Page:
A baby who is small for gestational age (SGA) has a significantly lower weight than other babies of the same gestational age. Gestational age is the number of weeks into pregnancy.
If parents have small stature, the baby may be small. These babies have normal development but are just small compared to others their age.
SGA sometimes occurs if there are growth and development problems before birth. These may occur with:
Parents with small stature increase the risk of SGA.
Maternal factors that can affect a baby’s growth during pregnancy include:
Other factors that can affect baby’s growth include:
Symptoms of SGA include a birth weight that is in the lowest 10% of babies with of the same gestational age.
A baby with SGA is often diagnosed before birth based on measurements taken of the mother’s abdomen, the mother’s weight, and size of the uterus (womb). If the measurement is low for the number of weeks of pregnancy, then the baby may be smaller than average. SGA may also be diagnosed at birth based on the baby’s weight and height.
Images may be taken during pregnancy with an ultrasound.
Talk with your doctor about the best treatment plan for your baby. A baby with SGA is at higher risk for problems, such as difficulty feeding, blood sugar abnormalities, and breathing problems. Your baby’s health and development will be monitored closely.
Babies that have SGA due to lack of nutrition or oxygen may need treatment. Options include:
Before your baby is born, the doctor may:
SGA due to family traits, syndromes, and uterine abnormalities cannot be prevented.
If you are thinking of becoming pregnant, taking a supplement containing folic acid may reduce the risk of having a small for gestational age baby.
To help reduce your baby’s chance of getting SGA due to nutrition and oxygen problems during birth, take these steps during pregnancy:
American Pregnancy Association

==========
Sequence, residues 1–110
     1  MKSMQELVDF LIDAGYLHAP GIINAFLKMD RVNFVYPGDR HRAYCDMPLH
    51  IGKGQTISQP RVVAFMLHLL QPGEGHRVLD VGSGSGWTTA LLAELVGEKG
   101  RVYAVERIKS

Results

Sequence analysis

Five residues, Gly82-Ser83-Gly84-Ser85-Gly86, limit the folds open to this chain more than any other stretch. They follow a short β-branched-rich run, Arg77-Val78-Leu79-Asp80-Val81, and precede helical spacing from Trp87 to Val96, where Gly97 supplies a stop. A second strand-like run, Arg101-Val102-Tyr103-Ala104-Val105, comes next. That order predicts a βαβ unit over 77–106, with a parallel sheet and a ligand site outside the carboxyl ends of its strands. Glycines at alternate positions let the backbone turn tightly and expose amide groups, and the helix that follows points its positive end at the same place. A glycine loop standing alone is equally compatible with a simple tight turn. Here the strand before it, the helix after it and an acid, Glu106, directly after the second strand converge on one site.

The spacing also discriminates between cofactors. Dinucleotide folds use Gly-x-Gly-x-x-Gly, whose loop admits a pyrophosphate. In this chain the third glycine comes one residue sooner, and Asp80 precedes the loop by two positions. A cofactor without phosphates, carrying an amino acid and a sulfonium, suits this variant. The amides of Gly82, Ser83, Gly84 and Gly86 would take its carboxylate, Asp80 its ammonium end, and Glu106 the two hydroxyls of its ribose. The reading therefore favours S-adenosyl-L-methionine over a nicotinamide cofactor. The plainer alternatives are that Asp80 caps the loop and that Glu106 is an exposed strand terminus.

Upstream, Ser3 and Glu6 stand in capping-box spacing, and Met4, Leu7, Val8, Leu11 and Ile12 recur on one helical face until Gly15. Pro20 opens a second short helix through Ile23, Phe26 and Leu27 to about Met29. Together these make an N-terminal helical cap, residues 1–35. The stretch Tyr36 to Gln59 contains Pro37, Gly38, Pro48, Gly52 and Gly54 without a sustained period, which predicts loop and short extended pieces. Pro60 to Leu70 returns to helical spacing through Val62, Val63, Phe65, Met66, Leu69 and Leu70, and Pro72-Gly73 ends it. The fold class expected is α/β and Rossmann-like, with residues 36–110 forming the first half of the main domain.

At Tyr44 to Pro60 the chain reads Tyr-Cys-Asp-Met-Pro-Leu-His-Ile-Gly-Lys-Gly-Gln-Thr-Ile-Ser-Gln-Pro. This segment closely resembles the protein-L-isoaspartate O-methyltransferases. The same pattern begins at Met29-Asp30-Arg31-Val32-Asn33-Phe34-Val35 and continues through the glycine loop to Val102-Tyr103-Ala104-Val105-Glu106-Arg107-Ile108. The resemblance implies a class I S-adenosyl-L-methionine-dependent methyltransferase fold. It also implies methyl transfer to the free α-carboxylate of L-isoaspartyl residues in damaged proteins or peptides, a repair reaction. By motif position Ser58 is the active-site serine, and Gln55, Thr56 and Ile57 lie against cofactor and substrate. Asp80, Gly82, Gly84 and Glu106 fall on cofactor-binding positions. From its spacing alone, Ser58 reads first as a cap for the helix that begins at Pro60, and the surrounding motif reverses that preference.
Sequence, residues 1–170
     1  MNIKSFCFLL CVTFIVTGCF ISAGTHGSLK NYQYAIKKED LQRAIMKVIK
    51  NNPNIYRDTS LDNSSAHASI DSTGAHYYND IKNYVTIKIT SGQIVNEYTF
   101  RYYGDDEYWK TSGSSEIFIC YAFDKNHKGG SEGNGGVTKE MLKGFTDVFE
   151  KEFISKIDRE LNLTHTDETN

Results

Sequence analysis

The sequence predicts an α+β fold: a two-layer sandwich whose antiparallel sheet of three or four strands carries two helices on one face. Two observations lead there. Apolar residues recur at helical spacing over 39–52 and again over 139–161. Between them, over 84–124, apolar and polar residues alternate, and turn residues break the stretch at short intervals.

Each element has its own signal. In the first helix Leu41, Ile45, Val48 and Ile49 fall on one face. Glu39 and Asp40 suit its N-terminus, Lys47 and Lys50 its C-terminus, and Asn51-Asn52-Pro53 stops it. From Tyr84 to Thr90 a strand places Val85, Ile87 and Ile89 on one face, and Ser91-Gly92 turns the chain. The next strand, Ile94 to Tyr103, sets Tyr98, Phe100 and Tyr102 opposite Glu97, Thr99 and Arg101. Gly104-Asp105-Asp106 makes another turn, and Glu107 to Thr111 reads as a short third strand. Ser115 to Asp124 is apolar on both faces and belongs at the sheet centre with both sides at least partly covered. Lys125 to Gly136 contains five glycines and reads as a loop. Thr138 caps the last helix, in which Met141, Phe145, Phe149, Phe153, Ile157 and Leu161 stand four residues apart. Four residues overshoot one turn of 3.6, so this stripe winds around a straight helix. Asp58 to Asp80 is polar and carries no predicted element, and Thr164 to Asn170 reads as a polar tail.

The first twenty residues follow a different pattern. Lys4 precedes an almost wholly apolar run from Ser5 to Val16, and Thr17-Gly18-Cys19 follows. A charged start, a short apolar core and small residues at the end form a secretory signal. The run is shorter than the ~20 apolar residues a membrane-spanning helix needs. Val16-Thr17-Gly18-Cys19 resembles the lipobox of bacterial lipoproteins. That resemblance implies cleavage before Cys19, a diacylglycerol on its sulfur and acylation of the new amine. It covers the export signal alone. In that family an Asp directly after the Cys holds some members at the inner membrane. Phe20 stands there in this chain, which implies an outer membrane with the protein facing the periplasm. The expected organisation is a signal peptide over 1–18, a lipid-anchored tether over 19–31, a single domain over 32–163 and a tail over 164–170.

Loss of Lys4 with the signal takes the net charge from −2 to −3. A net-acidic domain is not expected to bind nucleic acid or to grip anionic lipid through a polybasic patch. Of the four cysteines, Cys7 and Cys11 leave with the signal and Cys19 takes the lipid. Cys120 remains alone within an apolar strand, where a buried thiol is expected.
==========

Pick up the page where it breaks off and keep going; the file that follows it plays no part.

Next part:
Healthy Children—American Academy of Pediatrics
Canadian Paediatric Society
Intrauterine growth restriction (IUGR). EBSCO DynaMed Plus website. Available at: http://www.dynamed.com/topics/dmp~AN~T115648/Intrauterine-growth-restriction-IUGR. Updated September 13, 2016. Accessed October 4, 2016.
Intrauterine growth restriction (IUGR); Small for gestational age (SGA). American Pregnancy Association website. Available at: http://americanpregnancy.org/pregnancycomplications/iugr.htm. Updated August 2015. Accessed November 24, 2015.
Small for gestational age. Lucile Packard Children’s Hospital website. Available at: http://www.lpch.org/DiseaseHealthInfo/HealthLibrary/hrnewborn/sga.html. Accessed November 24, 2015.
Small for gestational age babies. Patient UK website. Available at: http://www.patient.co.uk/doctor/small-for-gestational-age-babies. Updated May 28, 2013. Accessed November 24, 2015.
Small for gestational age introduction. The MAGIC Foundation website. Available at: http://www.magicfoundation.org/www/docs/111. Accessed November 24, 2015.
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3/17/2015 DynaMed’s Systematic Literature Surveillance. http://www.dynamed.com/topics/dmp~AN~T115648/Intrauterine-growth-restriction-IUGR: Hodgetts V, Morris R, et al. Effectiveness of folic acid supplementation in pregnancy on reducing the risk of small-for-gestational age neonates: a population study, systematic review and meta-analysis. BJOG. 2015 Mar;122(4):478-490.
7/7/2016 DynaMed's Systematic Literature Surveillance. http://www.dynamed.com/topics/dmp~AN~T115648/Intrauterine-growth-restriction-IUGR: Pamidi S, Marc I, et al. Maternal sleep-disordered breathing and the risk of delivering small for gestational age infants: a prospective cohort study. Thorax. 2016 Apr 15.
7/15/2016 DynaMed's Systematic Literature Surveillance. http://www.dynamed.com/topics/dmp~AN~T115648/Intrauterine-growth-restriction-IUGR: Saccone G, Berghella V, Sarno L, et al. Celiac disease and obstetric complications: a systematic review and metaanalysis. 2016;214(2):225-234.
Last reviewed July 2016 by Michael Woods, MD
Please be aware that this information is provided to supplement the care provided by your physician. It is neither intended nor implied to be a substitute for professional medical advice. CALL YOUR HEALTHCARE PROVIDER IMMEDIATELY IF YOU THINK YOU MAY HAVE A MEDICAL EMERGENCY. Always seek the advice of your physician or other qualified health provider prior to starting any new treatment or with any questions you may have regarding a medical condition.